Review: 6 business-class Chromebooks test their mettle

Is a Chromebook for you? Which one? We put top models from Acer, Dell, Google, HP, Samsung, and Toshiba to the test

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The Pixel uses the most powerful chip of any Chromebook, the Intel Core i5 3427U. If you have a fast connection, the Pixel will drive it hard. Google's Octane 2.0 JavaScript benchmark pegs the Chromebook Pixel at a best-in-class 20,200.

Certainly one of the most breathtaking screens on any mobile machine anywhere, the Pixel's 12.8-inch IPS multitouch screen runs at a stunning 2,560-by-1,700 resolution. By comparison, a nontouch 13.3-inch MacBook Pro Retina screen runs 2,560 by 1,600 pixels. You can crank the resolution up all the way and enjoy the finest portable resolution around, while squinting at teensy-tiny text (to adjust, type chrome://settings/display in the browser). Or you can stick with the installation default, 1280 by 850, for supercrisp text and saturated working glory. Stunning colors can be viewed from neck-craning angles, and the multitouch responds quite precisely. The screen is glossy, but not too glossy. This is, quite possibly, the best portable touchscreen ever made.

Lest you think attention was only lavished on the screen, the backlit keyboard is a beauty, too. The keys, recessed into the base, respond quickly, with a surprising amount of throw and a solid tactile feedback. Touch-typists never had it so good on a portable keyboard. The big, silky, etched-glass trackpad follows every nuance. Even the sound is extraordinary, emanating from two speakers underneath the keypad -- although bass is limited, as you probably expected.

In the nearly two years since it was first released, technology has progressed, but alas, the Pixel has not. The machine has two USB 2, not USB 3, ports, and 802.11a/b/g/n 2x2 MIMO Wi-Fi, but no 802.11ac. The battery leaves much to be desired: While Google claims five hours, my YouTube test crapped out at 3.5 hours. Google tosses in 1TB of free Google Drive storage for three years -- valuable when the system launched, but chicken scratch these days. While the fan isn't unbearably noisy, many of today's Chromebooks have figured out a way to eliminate the fan entirely.

Then there's the price. The 4GB model with 32GB flash memory will set you back a bracing $1,299 on Google Play -- somewhere between four and five times what one would expect to pay for a Chromebook. The LTE version bumps up the flash storage to 64GB and adds 100MB per month of free Verizon Wireless (yawn), while the price climbs to a stunning $1,449.

Few retailers carry the Chromebook Pixel -- between the aging components and the obscene price, it must be a tough sell. If you are intent on busting a bottomless budget and don't mind paying a pretty penny for the hands-down best Chromebook on the market, despite its geriatric tendencies and hopeless battery, try shopping Google Play and Amazon.com.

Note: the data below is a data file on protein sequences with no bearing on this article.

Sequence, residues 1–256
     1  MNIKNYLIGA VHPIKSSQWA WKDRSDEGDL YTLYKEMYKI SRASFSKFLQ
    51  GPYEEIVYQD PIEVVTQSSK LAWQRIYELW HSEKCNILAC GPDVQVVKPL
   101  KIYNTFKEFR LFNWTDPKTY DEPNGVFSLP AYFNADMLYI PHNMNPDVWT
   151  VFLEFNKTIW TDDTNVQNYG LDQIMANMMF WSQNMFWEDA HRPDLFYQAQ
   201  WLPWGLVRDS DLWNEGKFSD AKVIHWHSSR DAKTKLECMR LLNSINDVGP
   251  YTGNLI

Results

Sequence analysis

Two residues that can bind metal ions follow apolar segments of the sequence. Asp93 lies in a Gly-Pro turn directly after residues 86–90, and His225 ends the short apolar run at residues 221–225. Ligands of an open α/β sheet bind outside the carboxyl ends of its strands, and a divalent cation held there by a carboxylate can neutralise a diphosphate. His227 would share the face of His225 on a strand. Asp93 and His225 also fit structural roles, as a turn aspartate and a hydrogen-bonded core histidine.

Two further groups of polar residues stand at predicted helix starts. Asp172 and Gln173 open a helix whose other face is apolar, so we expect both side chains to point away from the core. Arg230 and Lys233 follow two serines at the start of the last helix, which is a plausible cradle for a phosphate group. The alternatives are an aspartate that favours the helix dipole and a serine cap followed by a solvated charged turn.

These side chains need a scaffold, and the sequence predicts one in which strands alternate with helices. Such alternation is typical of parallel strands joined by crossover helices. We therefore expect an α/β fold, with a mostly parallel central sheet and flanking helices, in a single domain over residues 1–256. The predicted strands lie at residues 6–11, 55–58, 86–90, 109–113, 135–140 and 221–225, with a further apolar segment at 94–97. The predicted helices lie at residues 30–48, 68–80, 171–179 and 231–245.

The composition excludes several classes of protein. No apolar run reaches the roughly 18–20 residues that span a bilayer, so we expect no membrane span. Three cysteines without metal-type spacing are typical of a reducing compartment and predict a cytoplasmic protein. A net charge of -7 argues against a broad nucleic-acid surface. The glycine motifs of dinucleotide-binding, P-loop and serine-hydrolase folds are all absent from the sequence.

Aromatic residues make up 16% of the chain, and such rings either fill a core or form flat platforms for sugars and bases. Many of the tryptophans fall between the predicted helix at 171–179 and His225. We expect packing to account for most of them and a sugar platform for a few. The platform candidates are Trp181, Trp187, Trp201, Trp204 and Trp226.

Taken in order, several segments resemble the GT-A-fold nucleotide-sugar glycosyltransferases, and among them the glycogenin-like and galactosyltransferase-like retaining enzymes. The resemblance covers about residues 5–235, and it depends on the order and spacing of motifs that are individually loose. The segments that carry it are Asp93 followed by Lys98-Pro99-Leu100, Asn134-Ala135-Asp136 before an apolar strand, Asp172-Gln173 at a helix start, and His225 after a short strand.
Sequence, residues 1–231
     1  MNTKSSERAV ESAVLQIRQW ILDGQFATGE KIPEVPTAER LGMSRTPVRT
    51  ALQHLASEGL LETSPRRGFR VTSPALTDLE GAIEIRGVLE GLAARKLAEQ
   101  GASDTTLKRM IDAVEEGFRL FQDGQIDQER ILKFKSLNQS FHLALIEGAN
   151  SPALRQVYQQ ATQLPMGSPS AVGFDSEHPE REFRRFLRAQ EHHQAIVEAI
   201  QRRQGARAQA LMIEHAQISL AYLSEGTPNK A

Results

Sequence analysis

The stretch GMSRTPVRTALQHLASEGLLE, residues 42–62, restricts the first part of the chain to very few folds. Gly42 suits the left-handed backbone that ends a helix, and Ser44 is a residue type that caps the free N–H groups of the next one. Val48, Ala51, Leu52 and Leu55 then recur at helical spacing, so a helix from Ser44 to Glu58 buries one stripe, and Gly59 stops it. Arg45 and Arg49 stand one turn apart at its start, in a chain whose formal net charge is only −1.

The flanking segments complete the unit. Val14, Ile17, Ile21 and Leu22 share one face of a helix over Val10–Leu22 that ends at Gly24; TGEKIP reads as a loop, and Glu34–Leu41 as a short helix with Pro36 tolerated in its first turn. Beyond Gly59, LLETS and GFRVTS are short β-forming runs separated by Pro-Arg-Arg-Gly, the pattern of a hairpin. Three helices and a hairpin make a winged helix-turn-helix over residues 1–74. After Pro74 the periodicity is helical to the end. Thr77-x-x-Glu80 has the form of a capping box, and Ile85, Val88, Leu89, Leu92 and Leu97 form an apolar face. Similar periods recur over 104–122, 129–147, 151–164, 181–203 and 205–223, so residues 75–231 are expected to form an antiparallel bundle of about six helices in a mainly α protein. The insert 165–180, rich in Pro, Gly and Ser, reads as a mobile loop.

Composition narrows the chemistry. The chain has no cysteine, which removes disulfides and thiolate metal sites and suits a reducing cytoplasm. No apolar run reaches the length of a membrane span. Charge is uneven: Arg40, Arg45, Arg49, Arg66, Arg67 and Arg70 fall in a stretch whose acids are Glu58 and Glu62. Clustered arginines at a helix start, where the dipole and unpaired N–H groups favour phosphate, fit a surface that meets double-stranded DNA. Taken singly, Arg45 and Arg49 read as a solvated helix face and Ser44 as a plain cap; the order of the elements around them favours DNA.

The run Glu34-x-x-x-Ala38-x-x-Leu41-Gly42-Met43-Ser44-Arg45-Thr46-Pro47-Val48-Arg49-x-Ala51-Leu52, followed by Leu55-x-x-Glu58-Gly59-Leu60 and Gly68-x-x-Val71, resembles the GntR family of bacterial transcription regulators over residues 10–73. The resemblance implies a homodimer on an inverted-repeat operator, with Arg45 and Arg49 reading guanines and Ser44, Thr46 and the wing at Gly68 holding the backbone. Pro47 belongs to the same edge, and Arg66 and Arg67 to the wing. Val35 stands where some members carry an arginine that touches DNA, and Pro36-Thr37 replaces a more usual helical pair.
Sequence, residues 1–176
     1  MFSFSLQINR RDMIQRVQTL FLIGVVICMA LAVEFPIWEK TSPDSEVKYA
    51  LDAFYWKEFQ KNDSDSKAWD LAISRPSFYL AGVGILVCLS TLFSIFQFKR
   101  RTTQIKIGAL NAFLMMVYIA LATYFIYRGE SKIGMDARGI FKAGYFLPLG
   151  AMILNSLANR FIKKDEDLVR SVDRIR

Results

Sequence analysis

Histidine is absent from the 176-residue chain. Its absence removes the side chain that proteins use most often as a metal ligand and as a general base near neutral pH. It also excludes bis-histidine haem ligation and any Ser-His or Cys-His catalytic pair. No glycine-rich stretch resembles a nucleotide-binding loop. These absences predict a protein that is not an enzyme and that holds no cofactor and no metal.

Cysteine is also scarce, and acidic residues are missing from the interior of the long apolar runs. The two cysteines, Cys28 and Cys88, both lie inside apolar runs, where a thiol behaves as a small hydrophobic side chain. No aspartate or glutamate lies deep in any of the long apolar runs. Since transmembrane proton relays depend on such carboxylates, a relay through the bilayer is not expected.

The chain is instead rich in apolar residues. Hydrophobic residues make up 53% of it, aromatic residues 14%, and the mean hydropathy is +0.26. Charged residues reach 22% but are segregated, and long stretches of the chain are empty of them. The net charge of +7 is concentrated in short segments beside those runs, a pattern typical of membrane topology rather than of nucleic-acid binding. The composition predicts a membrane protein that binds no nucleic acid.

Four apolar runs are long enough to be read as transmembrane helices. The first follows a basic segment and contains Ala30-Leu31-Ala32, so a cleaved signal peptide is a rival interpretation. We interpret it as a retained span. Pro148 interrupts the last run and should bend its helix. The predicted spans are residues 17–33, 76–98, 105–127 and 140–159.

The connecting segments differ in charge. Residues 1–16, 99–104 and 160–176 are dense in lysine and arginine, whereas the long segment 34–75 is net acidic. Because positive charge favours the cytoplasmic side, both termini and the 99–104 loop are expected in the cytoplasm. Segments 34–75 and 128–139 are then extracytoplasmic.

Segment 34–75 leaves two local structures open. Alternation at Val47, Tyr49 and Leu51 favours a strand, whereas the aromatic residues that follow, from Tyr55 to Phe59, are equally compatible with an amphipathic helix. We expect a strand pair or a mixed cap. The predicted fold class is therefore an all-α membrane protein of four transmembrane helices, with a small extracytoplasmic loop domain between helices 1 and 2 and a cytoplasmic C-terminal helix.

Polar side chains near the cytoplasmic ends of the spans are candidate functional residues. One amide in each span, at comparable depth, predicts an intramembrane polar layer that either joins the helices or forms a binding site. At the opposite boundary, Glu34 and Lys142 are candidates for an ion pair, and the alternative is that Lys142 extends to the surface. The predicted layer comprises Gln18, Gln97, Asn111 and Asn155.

HP Chromebook 14 G3 

The original HP Chromebook 14 drew high marks for its processing prowess. The latest version, dubbed "G3" (or more officially the 14-x010nr), has switched to the Nvidia Tegra K1 processor. That's a mixed bag.

Google's Octane 2.0 test rates the HP Chromebook 14's JavaScript processing ability at 7,300 -- typical for the machines in this review and for K1 processors. With multiple tabs open, I found a distinct lag in typing at full speed. That seems to be par for the course with K1 chips. Also, as noted in the Acer Chromebook 13 review, there are still minor compatibility problems with "The page uses a Native Client app that doesn't work on your computer" errors on some (admittedly obscure) websites. On the plus side, the K1 is known for its video processing chops, doesn't need a fan, and sips from the battery.

HP Chromebook 14 G3 HP

HP Chromebook 14 G3

The unit measures 13.54 by 9.44 by 0.7 inches tall, so it's a bit smaller than the Acer Chromebook 13. At 3.78 pounds, it's a bit hefty. Blame the larger screen.

The 14-inch, 1,366-by-768 screen is a sizable chunk of real estate, but unfortunately marred by the old-fashioned resolution and TN technology. Color reproduction seems muddy at best, and like so many other Chromebooks, it offers a very limited viewing angle. HP has a 1,920-by-1,080 touchscreen version due to arrive soon (model K4K23UA), for $100 more.

There are reports that future version of the HP Chromebook 14 G3 will support mobile broadband, but I haven't seen an official announcement about when, where, what kind of broadband, or how much it will cost.